Wild Sound progresses through the four elements of water, air, fire, and earth, with a coda that transcends all four and could be called just “civilization.” At the same time, the “settings” of the piece start out primitive — Water draws inspiration from jungle rainfall, Air from the swirling winds of deserts and chapparel — and eventually shift into urban society. After a surprisingly quiet Fire segment, Earth went all-in with steel girders and concrete.
The whole piece was backed by abstract video projections, occasionally overlaid with real-time video of the performers, and a backing soundtrack of field recordings Kotche made on tour. I don’t think we were meant to think of the nature-to-civilization progression as a bad thing. It felt more celebratory, and the Earth and Civilization sections included some of the most engaging segments of the piece.
The best part, and the most pleasant surprise, was the realization that the players were assembling instruments as they went. Wild Sounds does include a lot of Cageian randomness, as expected — one segment has a guy rattling large marbles in a bowl, and he eventually dumps them on top of two other musicians who are busy performing the actual composed melody. But along the way, you start to realize that some of the “randomness” is productive work.
It’s sneaky, and it adds to the fun. One guy loudly slapping wood blocks onto a table turned out to be building an honest-to-goodness marimba, finely tuned. A more subtle bit of work is the guy who was cutting wire at another table. That became a kind of slide violin: one hand (or person) plays the string, the other sets the tuning.
The sounds of construction also factor into the piece. Early on, one player was slapping packing tape onto the end of a tube, unrolling the tape as loudly as possible. Obviously, this was going to be used as a tribal drum later on — but during the construction, the unraveling of the tape contributed to the surrounding noise.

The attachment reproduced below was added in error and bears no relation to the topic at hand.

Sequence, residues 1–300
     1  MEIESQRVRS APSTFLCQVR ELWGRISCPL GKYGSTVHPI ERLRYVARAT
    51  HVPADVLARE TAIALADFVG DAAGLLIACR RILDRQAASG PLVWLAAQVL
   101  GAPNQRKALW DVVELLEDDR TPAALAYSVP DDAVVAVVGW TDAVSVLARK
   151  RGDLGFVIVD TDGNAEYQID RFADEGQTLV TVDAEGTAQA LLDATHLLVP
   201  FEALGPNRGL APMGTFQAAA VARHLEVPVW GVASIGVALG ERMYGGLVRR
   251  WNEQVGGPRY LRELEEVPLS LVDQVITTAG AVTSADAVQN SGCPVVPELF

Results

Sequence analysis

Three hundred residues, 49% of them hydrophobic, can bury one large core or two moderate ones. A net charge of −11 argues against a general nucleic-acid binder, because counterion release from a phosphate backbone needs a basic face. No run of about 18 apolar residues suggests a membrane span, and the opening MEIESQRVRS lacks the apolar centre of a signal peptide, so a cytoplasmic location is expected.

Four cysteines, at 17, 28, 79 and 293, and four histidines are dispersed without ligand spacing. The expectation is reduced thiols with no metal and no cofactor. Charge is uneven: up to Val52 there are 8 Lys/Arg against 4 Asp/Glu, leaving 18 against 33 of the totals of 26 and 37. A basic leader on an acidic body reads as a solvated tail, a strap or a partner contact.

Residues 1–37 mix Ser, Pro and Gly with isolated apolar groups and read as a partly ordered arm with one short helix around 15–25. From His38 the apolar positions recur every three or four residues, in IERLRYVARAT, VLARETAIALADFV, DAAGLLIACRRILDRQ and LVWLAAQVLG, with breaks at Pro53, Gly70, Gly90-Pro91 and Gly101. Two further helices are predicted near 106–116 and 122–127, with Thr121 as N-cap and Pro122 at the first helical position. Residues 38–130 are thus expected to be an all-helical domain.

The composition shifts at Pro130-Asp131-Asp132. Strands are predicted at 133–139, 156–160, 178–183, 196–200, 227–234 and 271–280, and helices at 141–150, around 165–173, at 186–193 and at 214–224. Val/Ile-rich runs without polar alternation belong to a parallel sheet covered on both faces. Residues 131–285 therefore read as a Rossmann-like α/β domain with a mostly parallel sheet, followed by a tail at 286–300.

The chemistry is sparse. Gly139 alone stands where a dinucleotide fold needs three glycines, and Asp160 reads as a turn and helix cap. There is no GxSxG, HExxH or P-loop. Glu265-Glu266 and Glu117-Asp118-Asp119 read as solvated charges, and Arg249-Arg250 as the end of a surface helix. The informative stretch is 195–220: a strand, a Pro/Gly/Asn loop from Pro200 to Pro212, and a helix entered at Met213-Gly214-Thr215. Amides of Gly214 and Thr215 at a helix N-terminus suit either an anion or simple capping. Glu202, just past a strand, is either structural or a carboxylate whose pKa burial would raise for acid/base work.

By the time the Earth section came around, it wasn’t any surprise to see the power tools come out, complete with safety shields. Drills, power screwdrivers, and even a welding torch, I think, got applied in small amounts — because one power tool makes enough noise to make the point. The piece was created with help from Notre Dame’s engineering department, by the way.
We got to participate, too. During Water, one Third Coaster pantomimed instructions for us to rub our hands and slap our thighs, emulating rainfall. Everyone was also handed small, ribbed balsa-wood sticks when we entered the theater. These became percussion instruments during Earth, when we got instructed to scrape out certain rhythms.
This concert was co-sponsored by The Exploratorium, which was so fitting — it all felt like the kind of “performance” exhibit they might host. In a post-concert talk, one of the Third Coasters (was it David Skidmore?) pointed out how inviting the instruments were. Anybody in the audience could wander on stage, pick something up, and make music. The group takes particular glee in that aspect of the piece, he said.
The first four movements of Wild Sound are quite a feast, but there’s still a major surprise in store for the dessert course. (This is a SPOILER. If you’re reading this in advance of going to see Wild Sound, you should probably stop here.)
The four large brackets at the back of the stage were, predictably enough, used for hanging sheet metal and other implements, which got bashed around for the raucuous parts of Earth. Turns out they have another purpose in Civilization — they hold synthesizers built inside transparent plexiglass. These are essentially keyboards that get played vertically, and the conclusion of Civilization is a long, through-composed melody for a quartet of these instruments. (You can see them for a moment in this promo video.) The sci-fi sound of the synths, and the fact that you can see the circuitry inside, create a futuristic air. The melody itself is pleasant and relaxing, suggesting that yes, this is our home today. Spotlights indicate who’s playing at any given time — and there have to be a lot of rest breaks for each musician, considering this segment is rather long and the blood is running out of their arms whenever they’re playing. It’s a peaceful ending and a chance to digest everything that’s happened in the preceding hour.
Wild Sound was written specifically for Third Coast. They performed it only about 10 times in the past year, Skidmore said — because it’s such a production. In addition to all the equipment, tools, and materials required, the performance needs a videographer, a lighting technician, and a soundboard engineer (some of the instruments’ sounds get enhanced with a computer) who are familiar with the piece.
That makes Wild Sound all the more rare. I don’t think it’s an experience that can be captured well enough on DVD. If it’s coming to your town, go see it.